>>>>> "MR" == Mark Rafn <email@example.com> writes:
MR> Why not write it such that any command could have it's own address.
MR> Write mj_command to read it's command line as a format string, and
MR> treat the result as a command.
There's not much need; the basic action for everything that you'd ever want
to use this with is "command list address" where 'command' and 'list' are
provided in the alias and address is taken from the header. Well, I
suppose you might want an alias to get a file but that's easily taken care
list-zubscribe: /path/to/mj_command -d domain -l list -c zubscribe
MR> Yes and no. All methods that worked on 1.94 still should work on 2.0.
MR> There are now just new options available in addition.
And a whole class of Majordomo lists that are not interoperable with other
Majordomo lists. Perhaps this isn't such a terribly bad thing, but it's
not at all clear to me that I should work on it now.
MR> True, but tokens are pretty cheap.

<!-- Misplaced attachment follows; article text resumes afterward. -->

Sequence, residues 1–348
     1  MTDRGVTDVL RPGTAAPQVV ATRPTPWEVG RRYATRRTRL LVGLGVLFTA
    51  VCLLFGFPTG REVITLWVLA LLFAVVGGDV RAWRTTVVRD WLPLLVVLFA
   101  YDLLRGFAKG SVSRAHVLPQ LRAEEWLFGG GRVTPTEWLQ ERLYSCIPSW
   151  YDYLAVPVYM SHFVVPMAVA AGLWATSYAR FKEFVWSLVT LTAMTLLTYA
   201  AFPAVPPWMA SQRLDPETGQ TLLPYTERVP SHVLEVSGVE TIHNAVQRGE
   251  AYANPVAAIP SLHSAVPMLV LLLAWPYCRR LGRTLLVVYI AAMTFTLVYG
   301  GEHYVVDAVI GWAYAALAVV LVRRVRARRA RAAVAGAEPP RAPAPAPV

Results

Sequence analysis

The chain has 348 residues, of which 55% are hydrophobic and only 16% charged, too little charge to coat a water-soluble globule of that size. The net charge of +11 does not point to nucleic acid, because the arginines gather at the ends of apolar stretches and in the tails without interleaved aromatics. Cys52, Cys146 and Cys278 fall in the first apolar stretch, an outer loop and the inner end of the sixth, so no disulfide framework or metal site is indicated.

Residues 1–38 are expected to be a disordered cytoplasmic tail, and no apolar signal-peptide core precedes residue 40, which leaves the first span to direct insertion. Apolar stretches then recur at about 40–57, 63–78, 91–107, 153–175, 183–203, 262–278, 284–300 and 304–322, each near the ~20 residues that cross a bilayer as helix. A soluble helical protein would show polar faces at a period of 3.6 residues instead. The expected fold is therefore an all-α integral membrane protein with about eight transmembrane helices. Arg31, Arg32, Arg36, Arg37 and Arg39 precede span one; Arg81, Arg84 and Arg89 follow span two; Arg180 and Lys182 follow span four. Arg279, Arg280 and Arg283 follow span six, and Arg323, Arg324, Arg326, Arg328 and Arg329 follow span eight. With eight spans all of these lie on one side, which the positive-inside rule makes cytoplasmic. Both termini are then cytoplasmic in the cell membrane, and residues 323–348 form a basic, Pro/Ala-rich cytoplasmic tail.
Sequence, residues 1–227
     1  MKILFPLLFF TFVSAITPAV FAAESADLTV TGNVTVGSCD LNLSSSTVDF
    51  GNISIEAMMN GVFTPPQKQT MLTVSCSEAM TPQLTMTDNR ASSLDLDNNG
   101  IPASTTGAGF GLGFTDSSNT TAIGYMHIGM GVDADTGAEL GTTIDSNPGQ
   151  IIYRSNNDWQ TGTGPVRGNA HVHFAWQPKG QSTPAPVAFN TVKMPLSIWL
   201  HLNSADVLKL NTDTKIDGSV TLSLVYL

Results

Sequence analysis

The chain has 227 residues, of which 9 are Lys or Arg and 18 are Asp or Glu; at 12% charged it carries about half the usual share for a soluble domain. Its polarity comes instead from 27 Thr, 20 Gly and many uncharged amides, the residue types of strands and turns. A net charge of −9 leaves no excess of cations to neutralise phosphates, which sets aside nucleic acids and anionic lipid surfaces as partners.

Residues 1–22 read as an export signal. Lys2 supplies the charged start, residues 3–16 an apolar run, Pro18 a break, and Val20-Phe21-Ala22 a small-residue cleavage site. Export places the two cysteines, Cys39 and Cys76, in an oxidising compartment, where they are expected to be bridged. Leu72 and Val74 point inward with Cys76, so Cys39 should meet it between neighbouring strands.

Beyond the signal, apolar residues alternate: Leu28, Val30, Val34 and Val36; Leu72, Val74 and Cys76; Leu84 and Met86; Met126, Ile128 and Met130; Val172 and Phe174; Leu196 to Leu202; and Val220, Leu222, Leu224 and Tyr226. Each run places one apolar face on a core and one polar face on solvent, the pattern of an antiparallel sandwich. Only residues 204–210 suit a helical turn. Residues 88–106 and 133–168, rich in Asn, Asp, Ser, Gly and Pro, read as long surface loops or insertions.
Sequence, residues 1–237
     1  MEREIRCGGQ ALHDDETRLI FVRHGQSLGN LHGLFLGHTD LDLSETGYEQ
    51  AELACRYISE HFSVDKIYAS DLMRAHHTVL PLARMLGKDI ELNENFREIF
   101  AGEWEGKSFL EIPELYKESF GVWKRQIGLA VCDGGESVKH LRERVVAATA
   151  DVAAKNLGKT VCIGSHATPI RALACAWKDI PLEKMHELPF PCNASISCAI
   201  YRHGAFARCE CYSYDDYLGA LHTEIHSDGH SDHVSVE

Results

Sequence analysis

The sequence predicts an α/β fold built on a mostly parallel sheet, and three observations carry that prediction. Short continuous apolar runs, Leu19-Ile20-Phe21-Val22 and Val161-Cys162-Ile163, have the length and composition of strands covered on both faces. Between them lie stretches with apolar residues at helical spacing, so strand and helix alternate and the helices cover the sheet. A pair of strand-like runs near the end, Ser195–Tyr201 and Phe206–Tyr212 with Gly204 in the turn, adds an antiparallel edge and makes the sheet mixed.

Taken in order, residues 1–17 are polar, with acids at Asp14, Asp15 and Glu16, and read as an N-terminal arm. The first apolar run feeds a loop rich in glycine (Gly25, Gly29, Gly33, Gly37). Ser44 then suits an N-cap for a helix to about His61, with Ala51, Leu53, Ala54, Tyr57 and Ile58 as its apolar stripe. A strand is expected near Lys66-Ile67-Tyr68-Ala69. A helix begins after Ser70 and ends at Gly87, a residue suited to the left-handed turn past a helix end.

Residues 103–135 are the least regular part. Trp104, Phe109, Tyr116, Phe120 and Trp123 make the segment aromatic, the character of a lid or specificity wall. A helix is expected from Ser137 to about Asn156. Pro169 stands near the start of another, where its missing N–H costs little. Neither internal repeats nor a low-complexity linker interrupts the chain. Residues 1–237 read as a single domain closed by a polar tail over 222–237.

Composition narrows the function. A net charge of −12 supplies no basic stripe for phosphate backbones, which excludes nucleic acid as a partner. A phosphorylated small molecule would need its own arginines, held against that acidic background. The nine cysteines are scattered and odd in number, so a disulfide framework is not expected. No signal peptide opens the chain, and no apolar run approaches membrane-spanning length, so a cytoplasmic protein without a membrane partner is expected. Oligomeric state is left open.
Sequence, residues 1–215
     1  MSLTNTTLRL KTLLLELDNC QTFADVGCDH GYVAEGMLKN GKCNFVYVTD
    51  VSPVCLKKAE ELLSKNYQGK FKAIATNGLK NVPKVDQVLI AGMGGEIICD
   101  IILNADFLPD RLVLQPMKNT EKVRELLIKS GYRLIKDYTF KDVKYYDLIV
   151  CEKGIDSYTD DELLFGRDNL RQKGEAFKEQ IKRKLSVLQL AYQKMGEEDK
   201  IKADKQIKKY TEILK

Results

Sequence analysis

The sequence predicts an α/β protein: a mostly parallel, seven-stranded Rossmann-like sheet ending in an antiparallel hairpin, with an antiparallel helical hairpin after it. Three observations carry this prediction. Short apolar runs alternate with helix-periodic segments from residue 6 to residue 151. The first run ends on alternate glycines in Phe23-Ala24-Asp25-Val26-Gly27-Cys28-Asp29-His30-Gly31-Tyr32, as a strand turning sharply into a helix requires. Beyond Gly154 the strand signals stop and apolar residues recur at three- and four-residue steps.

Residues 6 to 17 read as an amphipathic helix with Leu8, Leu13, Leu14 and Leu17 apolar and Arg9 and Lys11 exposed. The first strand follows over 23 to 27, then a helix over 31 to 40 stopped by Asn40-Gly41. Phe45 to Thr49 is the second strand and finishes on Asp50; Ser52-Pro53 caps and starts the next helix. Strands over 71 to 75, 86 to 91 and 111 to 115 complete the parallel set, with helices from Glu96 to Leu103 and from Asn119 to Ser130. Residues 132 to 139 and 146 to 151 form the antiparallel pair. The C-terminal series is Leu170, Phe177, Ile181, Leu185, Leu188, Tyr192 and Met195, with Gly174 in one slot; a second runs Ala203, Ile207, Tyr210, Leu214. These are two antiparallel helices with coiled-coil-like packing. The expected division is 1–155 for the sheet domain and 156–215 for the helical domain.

But list owner's time isn't. You don't get accidental subscribe-bombs to
the Majordomo address. But when any message at all triggers a token that
may (depending on configuration, of course) end up in the owner's mailbox,
well, that's damned annoying. And you can't just ignore it, because it
will stick around for token_lifetime days, with a nice reminder being
generated after token_remind days. (Then again I suppose any owner
bothered by this would just use another method, like confirming with the
victim first. I have the basics of a mechanism to automatically nuke
tokens when the confirmation bounces, so they don't stick around.)
MR> Parsing and generating errors for the spam sent to the majordomo
MR> address is probably a whole lot worse.
Assuming you get it. It's pretty easy to just completely ignore bounce
mail from Majordomo autoresponses.